He warns, however, that it is hard to persuade the value chain to change it ways,
This is where Covid-19 enters the tale.
“This period has enabled us to have more meaningful conversations.” On the other hand, he warned that in some respects, there has been a reduction in trust, as suppliers ask to be paid on order, for example.
Something is going on, however.
Christopher explained how, in the last two or three years, sustainability has been drilled into public consciousness, but in energy, in personal care, less in fashion.
It seems then that sustainable fashion companies and indeed, startups need to focus on early adopters. “As a small company,” he says, “you can build up your customer base, create it at a granular level.”
For Arabella Turek, from Petit Pli, a London based wearable technology startup there is a convergence aspect — at least there is a convergence of skill sets. Petit Pli was founded by Ryan Mario Yasin, an aeronautical engineer by academic background. Arabella Turek herself studied neuroscience and then sociology.
To be successful, she suggested, “requires getting as many heads in the room.” That’s with quite different backgrounds. She indicated that this is more important, or at least as important, as customer feedback forms.
She makes a point that applies well to many examples of disruptive technology — the customer is often quite late in the game. Kodak’s customer did not tell the company they were going to use smartphones for their photography. When Steve Jobs and Jonathan Ive designed the smartphone, they paid scant attention to research suggesting customers didn’t want a touchscreen phone.
Sustainable fashion is disruptive, and that means customers may lag. When the time is right, they will want them.
Disruption is scary
But disruptive technology is scary, especially for the incumbents. Maybe this explains what feels like a certain reluctance by the industry to truly embrace sustainable fashion.
As Arabella Turek said: “How can grass movements ever be supported if top-down institutions are slow to identify, support and fund those businesses?”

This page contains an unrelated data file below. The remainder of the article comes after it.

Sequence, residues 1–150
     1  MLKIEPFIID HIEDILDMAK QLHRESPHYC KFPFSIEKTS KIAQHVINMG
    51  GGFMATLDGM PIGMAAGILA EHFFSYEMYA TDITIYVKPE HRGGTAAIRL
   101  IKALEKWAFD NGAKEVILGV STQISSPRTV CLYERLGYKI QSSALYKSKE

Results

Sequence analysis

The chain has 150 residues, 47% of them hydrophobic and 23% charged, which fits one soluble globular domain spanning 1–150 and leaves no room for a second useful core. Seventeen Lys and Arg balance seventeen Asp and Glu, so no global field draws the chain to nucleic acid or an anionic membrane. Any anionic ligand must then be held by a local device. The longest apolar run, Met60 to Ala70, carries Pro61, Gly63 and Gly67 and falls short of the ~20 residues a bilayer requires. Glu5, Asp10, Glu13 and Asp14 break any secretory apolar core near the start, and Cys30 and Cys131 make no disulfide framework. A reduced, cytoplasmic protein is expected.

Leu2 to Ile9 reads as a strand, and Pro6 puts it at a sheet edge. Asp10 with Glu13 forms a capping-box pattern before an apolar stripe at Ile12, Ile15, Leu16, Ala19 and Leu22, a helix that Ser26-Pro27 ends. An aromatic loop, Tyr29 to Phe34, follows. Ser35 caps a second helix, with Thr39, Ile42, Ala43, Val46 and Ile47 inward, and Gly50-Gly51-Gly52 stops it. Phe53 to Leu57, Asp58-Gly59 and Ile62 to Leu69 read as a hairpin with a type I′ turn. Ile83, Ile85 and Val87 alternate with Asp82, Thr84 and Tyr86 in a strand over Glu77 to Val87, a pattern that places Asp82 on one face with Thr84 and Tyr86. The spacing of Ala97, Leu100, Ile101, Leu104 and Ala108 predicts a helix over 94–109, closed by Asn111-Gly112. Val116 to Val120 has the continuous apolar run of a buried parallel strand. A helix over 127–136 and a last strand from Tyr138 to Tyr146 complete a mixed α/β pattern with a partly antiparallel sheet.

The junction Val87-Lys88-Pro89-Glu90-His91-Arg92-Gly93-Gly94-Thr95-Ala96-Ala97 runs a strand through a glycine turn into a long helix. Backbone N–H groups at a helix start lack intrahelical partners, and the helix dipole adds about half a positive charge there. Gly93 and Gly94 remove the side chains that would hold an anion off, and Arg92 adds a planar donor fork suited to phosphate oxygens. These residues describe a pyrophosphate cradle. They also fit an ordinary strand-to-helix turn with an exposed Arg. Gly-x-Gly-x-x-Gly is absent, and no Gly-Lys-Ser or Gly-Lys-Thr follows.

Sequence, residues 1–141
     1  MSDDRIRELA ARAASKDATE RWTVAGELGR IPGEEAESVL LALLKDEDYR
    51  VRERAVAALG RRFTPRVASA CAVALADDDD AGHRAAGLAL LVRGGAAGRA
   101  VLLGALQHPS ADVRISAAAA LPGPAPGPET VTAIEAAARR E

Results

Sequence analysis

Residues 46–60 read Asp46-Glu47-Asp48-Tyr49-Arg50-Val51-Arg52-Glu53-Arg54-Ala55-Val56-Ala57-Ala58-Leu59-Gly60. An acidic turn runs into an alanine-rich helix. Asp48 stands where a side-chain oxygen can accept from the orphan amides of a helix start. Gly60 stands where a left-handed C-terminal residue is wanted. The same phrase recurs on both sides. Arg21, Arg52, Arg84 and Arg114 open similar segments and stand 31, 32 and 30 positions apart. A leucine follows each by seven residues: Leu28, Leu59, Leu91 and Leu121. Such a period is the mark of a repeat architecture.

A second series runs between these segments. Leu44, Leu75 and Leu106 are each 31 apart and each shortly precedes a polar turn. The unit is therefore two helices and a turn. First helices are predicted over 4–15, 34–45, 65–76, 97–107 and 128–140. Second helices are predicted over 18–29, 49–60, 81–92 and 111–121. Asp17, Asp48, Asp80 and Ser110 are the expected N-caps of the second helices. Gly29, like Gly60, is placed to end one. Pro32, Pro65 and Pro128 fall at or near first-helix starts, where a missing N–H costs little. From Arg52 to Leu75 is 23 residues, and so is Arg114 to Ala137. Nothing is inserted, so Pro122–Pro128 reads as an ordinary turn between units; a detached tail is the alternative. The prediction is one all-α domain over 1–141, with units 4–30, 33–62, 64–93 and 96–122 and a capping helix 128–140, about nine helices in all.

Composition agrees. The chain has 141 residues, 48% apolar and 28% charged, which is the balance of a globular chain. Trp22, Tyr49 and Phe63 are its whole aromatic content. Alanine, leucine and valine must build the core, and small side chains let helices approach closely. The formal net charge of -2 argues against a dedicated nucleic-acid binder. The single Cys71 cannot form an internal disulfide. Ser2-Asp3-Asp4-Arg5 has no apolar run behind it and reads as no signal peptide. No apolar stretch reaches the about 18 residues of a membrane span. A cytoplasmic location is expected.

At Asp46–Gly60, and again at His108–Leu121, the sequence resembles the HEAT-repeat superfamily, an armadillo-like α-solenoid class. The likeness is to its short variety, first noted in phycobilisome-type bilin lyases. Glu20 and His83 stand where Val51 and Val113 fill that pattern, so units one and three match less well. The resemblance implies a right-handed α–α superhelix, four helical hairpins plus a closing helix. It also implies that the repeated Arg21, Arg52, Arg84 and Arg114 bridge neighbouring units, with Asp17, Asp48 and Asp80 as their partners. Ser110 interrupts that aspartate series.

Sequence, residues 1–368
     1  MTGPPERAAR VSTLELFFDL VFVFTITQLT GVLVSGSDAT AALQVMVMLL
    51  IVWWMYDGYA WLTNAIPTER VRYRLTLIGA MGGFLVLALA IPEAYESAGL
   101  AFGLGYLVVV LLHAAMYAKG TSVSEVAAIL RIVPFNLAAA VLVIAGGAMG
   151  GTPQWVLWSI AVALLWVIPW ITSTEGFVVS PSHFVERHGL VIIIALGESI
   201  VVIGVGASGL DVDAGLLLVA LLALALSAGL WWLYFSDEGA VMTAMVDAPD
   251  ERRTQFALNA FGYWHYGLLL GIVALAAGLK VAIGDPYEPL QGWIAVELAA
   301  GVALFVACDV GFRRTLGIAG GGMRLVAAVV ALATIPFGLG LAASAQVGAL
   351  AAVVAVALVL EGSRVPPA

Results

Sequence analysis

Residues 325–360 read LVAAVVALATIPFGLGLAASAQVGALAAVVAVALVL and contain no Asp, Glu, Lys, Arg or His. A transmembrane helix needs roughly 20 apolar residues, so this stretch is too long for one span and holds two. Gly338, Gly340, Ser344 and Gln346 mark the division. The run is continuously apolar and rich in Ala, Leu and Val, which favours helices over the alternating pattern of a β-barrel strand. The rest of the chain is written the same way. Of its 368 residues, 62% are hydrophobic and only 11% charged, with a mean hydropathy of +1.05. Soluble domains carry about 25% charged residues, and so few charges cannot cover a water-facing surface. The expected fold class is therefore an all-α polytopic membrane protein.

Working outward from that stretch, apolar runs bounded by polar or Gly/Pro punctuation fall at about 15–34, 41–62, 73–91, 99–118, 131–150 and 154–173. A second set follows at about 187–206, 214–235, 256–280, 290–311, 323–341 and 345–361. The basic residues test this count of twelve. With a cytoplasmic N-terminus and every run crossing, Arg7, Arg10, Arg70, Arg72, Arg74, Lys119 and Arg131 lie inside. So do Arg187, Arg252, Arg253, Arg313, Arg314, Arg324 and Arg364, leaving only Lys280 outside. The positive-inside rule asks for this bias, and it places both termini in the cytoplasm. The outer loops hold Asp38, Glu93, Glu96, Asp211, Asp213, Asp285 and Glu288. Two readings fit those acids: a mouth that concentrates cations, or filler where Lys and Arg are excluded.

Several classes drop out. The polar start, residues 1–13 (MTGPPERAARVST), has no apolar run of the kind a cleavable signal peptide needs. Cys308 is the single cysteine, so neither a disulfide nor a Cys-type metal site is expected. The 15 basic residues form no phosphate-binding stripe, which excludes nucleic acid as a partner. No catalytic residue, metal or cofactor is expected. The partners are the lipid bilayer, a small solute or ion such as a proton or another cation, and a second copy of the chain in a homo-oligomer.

Transparency, trust and collaboration
If sustainable fashion can match the ethical principles that lie behind the concept of sustainability with transparency, they can start to win.
In this way, they can create trust and build the customer base.
As Alison Lowe said: “If we are more honest, we will take the customer with us.”
Then again, there is a fundamental challenge. The competitive landscape between sustainable and traditional fashion is not flat.
As Antonia Timpany from Timpanys pointed out, “there are externalities.” There are costs entailed in fashion that are not borne by the fashion brands. There is an analogy with the energy industry here. Oil companies don’t pay the full cost of energy; that is why there is the concept of a carbon tax.
But the sustainable energy industry partially overcame this via early adopters — think early purchasers of electric cars, for example. But renewable energies also benefited from subsidies.
Maybe that is what sustainable fashion needs — Ruby Raut suggested that authorities should look at a permanent cut in VAT on sustainable fashion.
Maybe then it needs greater collaboration to speak with one voice — to communicate its message, not only to customers and opinion formers but policymakers too.
A cut in VAT on sustainable fashion might just be the rallying call the industry needs.